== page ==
Walmart Builds Its Own Cloud Computing Farm to Rival Amazon

In five years, Walmart invested millions of dollars in six giant server farms that now account for 80 percent of its cloud capacity. The move has enabled the company to keep up with its burgeoning growth for the last three quarters. Most retail businesses rent cloud computing, but Walmart’s determination to best Amazon led to its decision to build its own cloud network. With this internal network, the company can leverage all its customer data, be competitive with its prices and control inventory and other key functions.

VentureBeat reports that, according to two Walmart executives, the proprietary cloud platform also enables the company to “target shoppers with more customized offers and improved services.”


“It has made a big difference to how fast we can grow our e-commerce business,” said Walmart head of cloud operations Tim Kimmet, who added that cloud data is used “to stock items frequently ordered by customers via voice shopping devices such as Google Home.”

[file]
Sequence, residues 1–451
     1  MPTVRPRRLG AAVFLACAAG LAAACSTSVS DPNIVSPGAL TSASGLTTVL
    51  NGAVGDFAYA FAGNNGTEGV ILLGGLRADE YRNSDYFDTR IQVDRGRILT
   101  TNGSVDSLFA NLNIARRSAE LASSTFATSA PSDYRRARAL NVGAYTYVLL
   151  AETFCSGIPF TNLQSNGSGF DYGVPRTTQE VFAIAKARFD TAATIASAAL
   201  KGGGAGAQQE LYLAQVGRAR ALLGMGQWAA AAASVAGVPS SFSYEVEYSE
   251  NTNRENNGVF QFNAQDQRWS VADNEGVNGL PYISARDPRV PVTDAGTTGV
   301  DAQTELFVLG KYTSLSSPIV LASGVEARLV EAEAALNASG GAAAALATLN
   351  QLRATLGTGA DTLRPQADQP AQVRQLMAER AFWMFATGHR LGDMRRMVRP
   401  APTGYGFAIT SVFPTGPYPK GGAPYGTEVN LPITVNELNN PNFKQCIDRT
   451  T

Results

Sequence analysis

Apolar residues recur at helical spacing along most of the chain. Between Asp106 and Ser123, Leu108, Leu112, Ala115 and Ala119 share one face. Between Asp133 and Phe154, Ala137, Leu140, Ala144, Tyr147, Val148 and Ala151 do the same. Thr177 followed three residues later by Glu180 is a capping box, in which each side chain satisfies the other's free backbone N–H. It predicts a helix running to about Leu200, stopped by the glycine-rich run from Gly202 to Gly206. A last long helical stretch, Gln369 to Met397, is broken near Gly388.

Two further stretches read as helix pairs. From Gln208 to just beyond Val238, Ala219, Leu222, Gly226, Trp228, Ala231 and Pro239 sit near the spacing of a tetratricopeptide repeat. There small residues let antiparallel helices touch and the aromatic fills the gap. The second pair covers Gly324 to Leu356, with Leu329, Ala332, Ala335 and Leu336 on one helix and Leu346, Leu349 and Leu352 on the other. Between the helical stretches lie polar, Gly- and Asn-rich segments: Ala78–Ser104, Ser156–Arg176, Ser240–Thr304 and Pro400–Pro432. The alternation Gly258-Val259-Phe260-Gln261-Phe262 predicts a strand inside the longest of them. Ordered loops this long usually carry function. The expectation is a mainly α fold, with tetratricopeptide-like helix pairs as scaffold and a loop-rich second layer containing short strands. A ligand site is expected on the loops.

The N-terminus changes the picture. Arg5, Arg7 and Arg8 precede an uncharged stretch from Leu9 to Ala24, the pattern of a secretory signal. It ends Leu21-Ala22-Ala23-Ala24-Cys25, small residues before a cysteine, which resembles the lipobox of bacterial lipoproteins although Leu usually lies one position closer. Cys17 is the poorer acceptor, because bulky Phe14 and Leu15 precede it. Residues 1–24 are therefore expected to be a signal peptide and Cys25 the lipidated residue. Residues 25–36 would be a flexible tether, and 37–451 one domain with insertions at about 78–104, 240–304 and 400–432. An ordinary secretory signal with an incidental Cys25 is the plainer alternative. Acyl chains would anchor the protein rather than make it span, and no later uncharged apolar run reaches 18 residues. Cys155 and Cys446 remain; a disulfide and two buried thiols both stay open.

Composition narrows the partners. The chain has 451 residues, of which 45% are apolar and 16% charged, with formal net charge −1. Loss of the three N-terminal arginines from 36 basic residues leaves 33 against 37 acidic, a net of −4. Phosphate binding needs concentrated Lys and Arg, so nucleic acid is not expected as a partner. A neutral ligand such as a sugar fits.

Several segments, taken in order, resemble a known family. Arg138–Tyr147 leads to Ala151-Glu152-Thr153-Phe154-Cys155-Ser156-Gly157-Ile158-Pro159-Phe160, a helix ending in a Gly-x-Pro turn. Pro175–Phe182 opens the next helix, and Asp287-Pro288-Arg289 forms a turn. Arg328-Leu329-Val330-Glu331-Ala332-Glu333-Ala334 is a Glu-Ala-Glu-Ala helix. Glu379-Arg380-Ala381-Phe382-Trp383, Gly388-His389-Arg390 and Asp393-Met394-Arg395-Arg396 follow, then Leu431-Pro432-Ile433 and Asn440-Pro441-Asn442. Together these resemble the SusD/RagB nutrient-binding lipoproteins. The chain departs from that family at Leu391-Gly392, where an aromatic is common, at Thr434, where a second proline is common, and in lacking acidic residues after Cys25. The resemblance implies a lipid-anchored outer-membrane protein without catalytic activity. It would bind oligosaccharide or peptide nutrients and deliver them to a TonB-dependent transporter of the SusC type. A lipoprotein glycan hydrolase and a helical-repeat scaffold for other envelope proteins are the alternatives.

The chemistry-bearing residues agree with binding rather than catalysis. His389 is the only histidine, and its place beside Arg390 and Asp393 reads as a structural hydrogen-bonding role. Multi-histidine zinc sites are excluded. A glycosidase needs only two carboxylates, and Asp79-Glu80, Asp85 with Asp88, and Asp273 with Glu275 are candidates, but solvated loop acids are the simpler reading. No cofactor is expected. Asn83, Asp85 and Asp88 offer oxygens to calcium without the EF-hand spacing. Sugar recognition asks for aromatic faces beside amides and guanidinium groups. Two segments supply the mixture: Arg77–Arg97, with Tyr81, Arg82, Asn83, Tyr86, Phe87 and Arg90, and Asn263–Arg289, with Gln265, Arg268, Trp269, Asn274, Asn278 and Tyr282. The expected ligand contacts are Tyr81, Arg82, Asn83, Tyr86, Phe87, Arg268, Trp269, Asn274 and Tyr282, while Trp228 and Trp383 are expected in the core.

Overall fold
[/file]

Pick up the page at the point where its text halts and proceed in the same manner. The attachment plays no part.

Data has also sped up the process by 60 percent of customers returning online purchases to local stores, as well as adjusting prices at stores across regions instantly. “We are now able to execute change faster,” said Walmart chief technology officer Jeremy King, who said that the company can “now make over 170,000 monthly changes to software that supports its website, compared to less than 100 changes previously.”

According to eMarketer, Walmart (which is the world’s largest brick-and-mortar retailer) accounts for only 3.6 percent of U.S. e-commerce, versus Amazon’s 43.5 percent. But the company’s online revenue “climbed 50 percent year-over-year during the third quarter, helping it post its strongest-ever quarterly growth since 2009.”

“The battle between Walmart and Amazon has been playing out on all fronts and the cloud is the latest frontier,” said Rubikloud Technologies chief executive Kerry Liu.

Walmart has taken other steps to improve its e-commerce sector, by expanding its online selection, buying smaller e-commerce companies and offering free two-day shipping on orders of $35 or more. The company “recently asked vendors to supply it with merchandise priced at $10 and up to help it turn a profit online.”